Despite being the only main character whose last name is not given, Finny's character embodies the symbolic essence of the Eden-like Devon School in his innocence, excellence, and virtue. Knowles presents him as an almost Christ-like figure whose accidental death serves as the catalyst for Finny's psychic foil and Gene's moral redemption and life-altering epiphany, upon which Gene looks back in the novel's framing narrative.
Unlike the reflective and conflicted Gene, Finny is defined by his spontaneity, fearlessness and absence of doubt. In this way, Finny is a kind of twentieth-century Tom Sawyer, whose charisma and undaunted optimism contrast with Gene's Huck Finn-like brooding conscience and calculating mind. Knowles presents Finny as a "big-man on campus" and born leader, who is still a humble and unaffected friend to all and whose prowess on the athletic field and in the classroom seem to come easily and naturally to him.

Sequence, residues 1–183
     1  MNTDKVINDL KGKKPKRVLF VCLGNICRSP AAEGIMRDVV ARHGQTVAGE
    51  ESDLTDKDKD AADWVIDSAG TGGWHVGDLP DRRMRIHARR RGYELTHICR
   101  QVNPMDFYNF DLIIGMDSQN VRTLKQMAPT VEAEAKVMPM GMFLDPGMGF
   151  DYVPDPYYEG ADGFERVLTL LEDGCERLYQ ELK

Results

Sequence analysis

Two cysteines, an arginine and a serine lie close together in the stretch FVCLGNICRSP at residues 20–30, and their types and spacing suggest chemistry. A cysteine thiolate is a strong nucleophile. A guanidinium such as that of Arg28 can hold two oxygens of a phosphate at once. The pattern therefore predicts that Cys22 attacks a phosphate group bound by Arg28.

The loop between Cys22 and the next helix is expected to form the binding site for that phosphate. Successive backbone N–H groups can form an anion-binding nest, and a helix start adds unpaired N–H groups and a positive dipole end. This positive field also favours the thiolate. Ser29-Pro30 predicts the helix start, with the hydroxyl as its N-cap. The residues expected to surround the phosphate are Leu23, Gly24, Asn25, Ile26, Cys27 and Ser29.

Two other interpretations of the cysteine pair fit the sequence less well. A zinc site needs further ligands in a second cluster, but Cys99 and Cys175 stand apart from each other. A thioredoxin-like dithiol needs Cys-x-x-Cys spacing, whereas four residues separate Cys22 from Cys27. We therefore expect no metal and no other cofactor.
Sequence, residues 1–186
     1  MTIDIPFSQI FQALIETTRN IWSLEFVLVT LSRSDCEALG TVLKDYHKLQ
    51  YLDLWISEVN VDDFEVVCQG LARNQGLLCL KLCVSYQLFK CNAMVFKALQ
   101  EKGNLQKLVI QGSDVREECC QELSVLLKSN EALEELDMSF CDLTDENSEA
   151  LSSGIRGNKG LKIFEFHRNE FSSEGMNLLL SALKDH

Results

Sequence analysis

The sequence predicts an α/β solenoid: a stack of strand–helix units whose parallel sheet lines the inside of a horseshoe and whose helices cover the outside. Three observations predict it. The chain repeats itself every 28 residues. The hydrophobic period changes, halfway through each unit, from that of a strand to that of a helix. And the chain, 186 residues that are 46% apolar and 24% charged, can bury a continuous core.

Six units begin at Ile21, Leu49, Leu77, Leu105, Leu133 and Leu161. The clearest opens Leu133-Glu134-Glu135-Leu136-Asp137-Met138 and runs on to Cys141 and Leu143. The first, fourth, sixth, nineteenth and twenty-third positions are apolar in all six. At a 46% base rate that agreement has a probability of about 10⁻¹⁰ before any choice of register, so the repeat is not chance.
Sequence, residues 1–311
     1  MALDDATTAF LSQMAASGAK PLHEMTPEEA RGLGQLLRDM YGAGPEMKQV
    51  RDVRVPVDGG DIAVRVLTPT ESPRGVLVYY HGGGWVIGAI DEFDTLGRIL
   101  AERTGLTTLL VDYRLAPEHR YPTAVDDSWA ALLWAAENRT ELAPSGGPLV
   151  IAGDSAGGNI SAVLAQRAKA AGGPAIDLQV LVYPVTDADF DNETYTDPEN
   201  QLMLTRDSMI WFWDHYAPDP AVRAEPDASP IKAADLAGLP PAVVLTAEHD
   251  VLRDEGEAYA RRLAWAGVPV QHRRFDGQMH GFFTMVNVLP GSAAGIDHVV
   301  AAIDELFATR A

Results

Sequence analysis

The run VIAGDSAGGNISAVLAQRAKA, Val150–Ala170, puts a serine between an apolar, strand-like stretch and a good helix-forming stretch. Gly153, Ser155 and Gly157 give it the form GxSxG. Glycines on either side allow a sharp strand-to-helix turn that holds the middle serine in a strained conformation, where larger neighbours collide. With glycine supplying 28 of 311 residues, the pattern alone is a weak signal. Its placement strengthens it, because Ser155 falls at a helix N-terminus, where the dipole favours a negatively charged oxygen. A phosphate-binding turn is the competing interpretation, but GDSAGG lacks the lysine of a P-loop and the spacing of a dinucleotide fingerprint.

As a native Bostonian, it is implied that Finny is a scion of the old-money New England elite, and thus his inherited privilege informs his confidence and free-spiritedness. One of the main themes of the novel is the impossibility of preserving the innocence of America's passionate, vigorous, and idealistic youth in an era of war. Even though Finny dies without being able to fulfill his ardent wish to fight for his country, he represents the best of his own lost generation's potential.